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Remembrance and Redemption

A woman sitting at a keyboard looks up at a man in a blue suit who is preparing to begin his spoken-word poetry.
Army Veteran Eugene Thomas shares his spoken-word poetry to a keyboard accompaniment provided by Music Therapist Sarah Pugliese.

As patients and staff solemnly commemorated the 20th anniversary of September 11th during a ceremony held at the Margaret Cochran Corbin Campus of the VA New York Harbor Healthcare System, Veteran and spoken-word poet Eugene Thomas Jr. shared his perspective of that fateful day.

“When 9/11 happened, I was incarcerated,” Thomas said. “Some of the inmates I was with said some truly horrible things and I wasn’t in a position to share how I felt. I couldn’t even pretend to feel what they felt. And something just clicked – I don’t belong here. It set me on my path to redemption.”

 A combat communications specialist who participated in Desert Storm with the US Army, Thomas struggled with drug addiction and post-traumatic stress disorder.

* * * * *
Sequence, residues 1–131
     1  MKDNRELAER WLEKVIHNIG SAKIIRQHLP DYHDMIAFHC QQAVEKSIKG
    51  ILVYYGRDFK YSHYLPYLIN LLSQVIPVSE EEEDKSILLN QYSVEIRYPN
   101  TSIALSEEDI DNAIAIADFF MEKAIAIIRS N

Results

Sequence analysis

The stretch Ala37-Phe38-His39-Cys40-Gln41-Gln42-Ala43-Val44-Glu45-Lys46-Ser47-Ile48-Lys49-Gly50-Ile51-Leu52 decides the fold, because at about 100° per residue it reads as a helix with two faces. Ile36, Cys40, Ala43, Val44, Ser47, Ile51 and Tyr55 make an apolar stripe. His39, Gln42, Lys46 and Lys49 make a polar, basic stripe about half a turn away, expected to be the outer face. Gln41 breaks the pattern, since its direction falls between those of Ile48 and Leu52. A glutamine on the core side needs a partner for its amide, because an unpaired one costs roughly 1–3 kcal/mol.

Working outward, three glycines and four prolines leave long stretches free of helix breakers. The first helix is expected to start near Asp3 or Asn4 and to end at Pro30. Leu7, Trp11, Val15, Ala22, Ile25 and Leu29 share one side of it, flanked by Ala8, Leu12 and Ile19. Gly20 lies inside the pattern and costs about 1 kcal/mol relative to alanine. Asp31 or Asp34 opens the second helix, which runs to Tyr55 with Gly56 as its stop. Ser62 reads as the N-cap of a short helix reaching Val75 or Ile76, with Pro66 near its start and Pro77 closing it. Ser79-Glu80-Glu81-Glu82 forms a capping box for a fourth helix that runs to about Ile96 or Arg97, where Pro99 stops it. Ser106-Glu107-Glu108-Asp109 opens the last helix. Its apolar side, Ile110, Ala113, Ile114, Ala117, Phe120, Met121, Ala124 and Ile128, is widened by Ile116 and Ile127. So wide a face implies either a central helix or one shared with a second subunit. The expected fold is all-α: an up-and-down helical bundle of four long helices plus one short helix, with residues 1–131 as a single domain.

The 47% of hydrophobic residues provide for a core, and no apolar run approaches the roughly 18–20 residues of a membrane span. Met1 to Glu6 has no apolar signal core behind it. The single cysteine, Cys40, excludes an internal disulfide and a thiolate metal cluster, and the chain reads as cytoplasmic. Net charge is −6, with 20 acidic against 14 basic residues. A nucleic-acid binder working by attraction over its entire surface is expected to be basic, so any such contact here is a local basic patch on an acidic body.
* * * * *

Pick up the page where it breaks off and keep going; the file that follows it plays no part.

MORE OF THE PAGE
“I was stuck in a rut that was destroying my relationship with my family, especially with my 13-year old son,” he continued.

About five years ago, Thomas found his way to VA New York Harbor where the collaborative nature of VA healthcare provided Thomas with the resources to begin his long path toward sobriety.

One of those resources was the Recreation and Creative Arts Therapy Program at VA New York Harbor, where he met Music Therapist Sarah Pugliese.

“It has been an honor to support Mr. Thomas’s creative expression through music therapy. I enjoy witnessing his creativity and his dedication to making beautiful poems and pieces of music. I am so glad that our time together has been helpful in his recovery,” Pugliese said.  

“Music has been with me through every trying episode of my life, but I am just amazed at how any doors opened through creativity. I can’t thank Sarah [Pugliese] enough,” Thomas continued.

Since setting on the path toward redemption, he’s leaned into his creativity by becoming a spoken-word poet and by publishing a book. He’s also toured through public school auditoriums up and down New Jersey dissuading at-risk youth from following in his earlier, more perilous footsteps.

When Thomas finished his poem, the dual-meaning – optimistic and hopeful – wasn’t lost on any of us:

“That morning began my transformation… what you hear is resilience… the heartbeat of one nation.”

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